April 7, 2021 8:43:52 am
A recent study by the National Commission for Protection of Child Rights (NCPCR) on the educational status of the children of women prisoners has flagged instances of the Bible being taught to those who are not Christian.
It cites the Juvenile Justice Act, 2015, to raise this as an issue. “The Juvenile Justice Act, 2015 defined these children as ‘Children in need of Care and Protection’ and makes it binding on the State machinery to ensure that these children do not fall prey to institutions which not only compromises with their safety and security but denies them the right to preserve identity, including nationality, name and family relations as recognised by the law without unlawful interference (UNCRC),” the report states.
The report is based on 144 responses received from women prisoners, their children, heads of children’s homes and hostels, heads of schools and prison officials. The study covered eight prisons meant for women in Uttar Pradesh, Andhra Pradesh, Bihar and Maharashtra.
Under the section that lists out problems identified by the NCPCR team during their visit to the jails, the report points out the example of a prison for convicted women in Lucknow that has permitted an NGO to teach the Bible to the children living there.
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In another example, the report speaks of a surprise visit to a children’s home in Ghaziabad where children of women prisoners stay. At the Asha Deep Foundation, the report states, it was found that children were being taught religious teachings of a particular religion other than one practiced by the children. “The Commission conducted a surprise visit and retrieved around 26 Bibles from the lockers and rooms of the non-Christian children.”
Blaming the authorities, the report said, “Thus, it is a gross negligence on the part of state machinery who fail to bear the responsibility towards these children, eventually provide access to these vulnerable children and further perpetuate their vested interests.”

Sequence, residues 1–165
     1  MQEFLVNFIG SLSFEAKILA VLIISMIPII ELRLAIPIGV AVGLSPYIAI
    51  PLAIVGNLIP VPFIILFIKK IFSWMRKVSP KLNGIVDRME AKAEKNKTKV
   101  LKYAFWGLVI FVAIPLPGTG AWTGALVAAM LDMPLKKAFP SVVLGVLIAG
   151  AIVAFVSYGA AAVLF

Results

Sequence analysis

However, Reverend H K Chetty, a board member of the Asha Deep Foundation, told The Indian Express, “Yes, they conducted a visit about two years ago. The 26 Bibles they claim they found in the lockers and rooms of children were actually collected from the lockers and rooms of our staff. If we were forcibly teaching the Bible to our children then they should have found one with all of them. Why only 26? Also, did they interact with the children or ask them if we were teaching them about Christianity? No. Asha Deep Foundation has been working with children since 1991. We haven’t forced any children to accept a particular religion.”
Among other problems flagged by the study was the irregular meetings that children living in homes and hostels have with their mothers in jail. “…60 per cent of women prisoners replied that the visits conducted between their children are often irregular because the children home/hostels where they are admitted are far from the place where they are currently lodged and often admitted to CCIs in different city… While 17 per cent prisoners said that their children visit them once in three months; 10 per cent stated that children visit them monthly and 13 per cent women said that they have never met their children,” the report states.
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